CLINTON — A forum Tuesday on the deadly effects of opioids on rural communities drew about 75 local, state, and federal stakeholders who shared their experiences and ideas for battling what the White House recently classified as a national emergency.
The discussion on heroin and opioids was sponsored by U.S. Rep. Rodney Davis, a Taylorville Republican, and included remarks from Lt. Gov. Evelyn Sanguinetti and Drug Enforcement Administration special agent Glenn Haas.
“This epidemic knows no neighborhood, no color and no class,” Sanguinetti told the audience at the Vespasian Warner Public Library.
The state is working to develop a strategy that will be funded in part by a $16 million federal grant that will be parceled among prevention, treatment and law enforcement sectors, she said.
The large audience is an indicator of the breadth of the problem facing rural communities, Davis said.
“The worst part is we’re seeing these meetings grow. We’ve still got a lot of work to do,” he said.
Jaime Smith, a recovering heroin addict from St. Joseph, shared her addiction story that began in 2013 with her use of hydrocodone, a prescription painkiller. Other women who lived a similar upscale lifestyle in the area also abused drugs, Smith said.
“I was popping and swapping pills with a group of moms. We were doctor shopping and doing anything we could to get our next fix,” Smith said.
After the loss of her family and a high-paying job, Smith found herself living in Chicago as a full-blown heroin addict. The connection with a therapist who addressed her underlying mental health issues saved her life, Smith said.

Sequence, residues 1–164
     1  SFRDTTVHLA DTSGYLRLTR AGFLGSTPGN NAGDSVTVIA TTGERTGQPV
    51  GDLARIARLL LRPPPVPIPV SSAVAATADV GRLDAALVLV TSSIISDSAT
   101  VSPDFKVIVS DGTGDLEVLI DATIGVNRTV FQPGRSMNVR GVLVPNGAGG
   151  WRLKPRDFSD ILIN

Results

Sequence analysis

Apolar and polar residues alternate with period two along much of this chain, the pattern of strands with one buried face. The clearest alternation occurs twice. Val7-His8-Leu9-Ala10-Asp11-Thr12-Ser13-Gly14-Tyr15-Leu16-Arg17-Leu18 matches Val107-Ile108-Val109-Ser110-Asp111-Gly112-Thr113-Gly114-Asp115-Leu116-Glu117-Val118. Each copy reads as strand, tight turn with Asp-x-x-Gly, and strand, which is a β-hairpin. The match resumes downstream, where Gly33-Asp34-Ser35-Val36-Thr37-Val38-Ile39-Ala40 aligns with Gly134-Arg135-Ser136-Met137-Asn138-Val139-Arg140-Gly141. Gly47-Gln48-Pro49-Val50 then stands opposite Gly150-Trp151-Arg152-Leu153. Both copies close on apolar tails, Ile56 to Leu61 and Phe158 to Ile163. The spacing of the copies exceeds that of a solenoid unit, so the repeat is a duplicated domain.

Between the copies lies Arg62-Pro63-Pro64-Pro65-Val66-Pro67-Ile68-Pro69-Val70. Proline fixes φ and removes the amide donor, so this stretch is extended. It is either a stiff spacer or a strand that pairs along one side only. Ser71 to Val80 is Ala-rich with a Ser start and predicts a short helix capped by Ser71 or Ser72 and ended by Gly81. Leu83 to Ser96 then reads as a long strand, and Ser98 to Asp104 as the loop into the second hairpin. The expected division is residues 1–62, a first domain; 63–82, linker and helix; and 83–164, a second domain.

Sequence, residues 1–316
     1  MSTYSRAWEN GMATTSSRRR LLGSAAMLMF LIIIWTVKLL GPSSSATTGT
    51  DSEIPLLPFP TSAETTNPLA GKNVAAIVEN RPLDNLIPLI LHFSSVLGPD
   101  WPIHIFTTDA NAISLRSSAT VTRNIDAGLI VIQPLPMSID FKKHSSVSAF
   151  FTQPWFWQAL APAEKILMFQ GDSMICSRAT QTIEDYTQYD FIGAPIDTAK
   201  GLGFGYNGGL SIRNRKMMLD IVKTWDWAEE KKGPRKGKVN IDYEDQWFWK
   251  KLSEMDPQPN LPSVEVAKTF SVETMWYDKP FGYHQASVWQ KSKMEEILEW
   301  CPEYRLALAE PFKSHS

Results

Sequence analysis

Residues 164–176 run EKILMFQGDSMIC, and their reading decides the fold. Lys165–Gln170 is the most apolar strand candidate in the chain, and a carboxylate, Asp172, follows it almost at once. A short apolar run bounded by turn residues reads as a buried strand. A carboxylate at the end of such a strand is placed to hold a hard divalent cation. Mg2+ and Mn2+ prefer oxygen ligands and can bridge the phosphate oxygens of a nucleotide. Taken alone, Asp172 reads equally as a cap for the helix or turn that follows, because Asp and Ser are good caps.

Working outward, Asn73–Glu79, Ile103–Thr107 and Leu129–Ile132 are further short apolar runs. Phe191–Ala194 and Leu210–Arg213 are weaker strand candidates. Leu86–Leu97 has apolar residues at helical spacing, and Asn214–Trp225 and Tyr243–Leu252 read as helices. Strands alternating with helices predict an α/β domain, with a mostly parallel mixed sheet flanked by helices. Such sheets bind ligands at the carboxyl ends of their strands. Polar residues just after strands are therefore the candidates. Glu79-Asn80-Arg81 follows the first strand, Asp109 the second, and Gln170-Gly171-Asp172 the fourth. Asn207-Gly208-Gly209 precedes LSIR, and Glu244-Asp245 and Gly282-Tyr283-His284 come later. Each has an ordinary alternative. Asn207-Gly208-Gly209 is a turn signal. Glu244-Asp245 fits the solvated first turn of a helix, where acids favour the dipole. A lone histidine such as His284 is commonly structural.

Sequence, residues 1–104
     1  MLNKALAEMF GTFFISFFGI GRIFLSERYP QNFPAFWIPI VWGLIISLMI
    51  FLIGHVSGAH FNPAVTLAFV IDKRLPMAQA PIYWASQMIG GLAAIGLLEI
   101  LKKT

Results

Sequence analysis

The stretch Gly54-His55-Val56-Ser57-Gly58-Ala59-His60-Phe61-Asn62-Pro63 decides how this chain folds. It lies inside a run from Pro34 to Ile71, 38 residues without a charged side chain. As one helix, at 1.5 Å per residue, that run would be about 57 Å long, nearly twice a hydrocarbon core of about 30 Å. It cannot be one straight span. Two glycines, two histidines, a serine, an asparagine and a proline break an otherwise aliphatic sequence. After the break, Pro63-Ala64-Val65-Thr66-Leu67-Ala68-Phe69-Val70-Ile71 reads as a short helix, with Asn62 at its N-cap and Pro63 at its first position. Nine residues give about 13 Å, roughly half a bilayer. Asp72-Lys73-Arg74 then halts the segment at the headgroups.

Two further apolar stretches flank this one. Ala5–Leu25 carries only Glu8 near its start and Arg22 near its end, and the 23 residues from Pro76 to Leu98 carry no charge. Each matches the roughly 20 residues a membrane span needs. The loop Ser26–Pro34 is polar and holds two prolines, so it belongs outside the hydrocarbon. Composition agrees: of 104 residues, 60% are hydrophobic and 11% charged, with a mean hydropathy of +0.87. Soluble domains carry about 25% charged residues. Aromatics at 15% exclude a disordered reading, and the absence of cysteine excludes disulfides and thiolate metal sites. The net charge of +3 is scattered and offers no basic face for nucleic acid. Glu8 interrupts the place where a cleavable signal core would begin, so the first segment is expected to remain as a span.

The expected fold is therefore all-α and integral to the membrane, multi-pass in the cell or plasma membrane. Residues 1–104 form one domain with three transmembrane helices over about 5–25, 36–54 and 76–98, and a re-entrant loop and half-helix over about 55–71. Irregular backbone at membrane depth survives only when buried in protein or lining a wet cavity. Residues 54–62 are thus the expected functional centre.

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Over the past several years, the avalanche of heroin and opioids has swept across the Midwest, said Haas, who heads the DEA's Chicago field division.
The crack cocaine and meth surges of the early 2000s were replaced with opioids starting about 2014, said Haas. To illustrate how the shift in drug use has altered law enforcement, Haas said the Springfield DEA office has seen its heroin investigations go from 10 percent in 2014 to 85 percent to 90 percent in 2017.
With dangerous additives like fentanyl, heroin has become more powerful and potentially deadly to users, Haas told the group.
The source of much of the heroin use is known, said Haas.
“It’s very, very sad, but 80 percent of the heroin users started out with opioids and painkillers,” he said.
DeWitt County organized its Substance Abuse Coalition in early 2016 in response to a growing number of fatal overdoses. The group has sponsored speakers and a Clinton Cares rally in July to raise awareness for the issue.
The Rev. Scott Marsh, pastor of Texas Christian Church in Clinton, also serves as a volunteer firefighter who has responded to overdose calls. He questioned whether there might be a way to compel people to receive treatment similar to the short-term hospitalizations that may be ordered for people who pose a risk to themselves or others.
“Is there something we could do to not make it so easy to be treated but not really treat the problem? I’m not talking about locking up addicts. I’ve talking about getting them help,” Marsh said.
Crisis calls like the ones described by Marsh may be addressed by a mobile unit proposed as part of the state’s grant, said Dr. Maria Bruni, acting secretary of the Department of Human Services.
Public officials from McLean, Sangamon and other area communities attended the forum.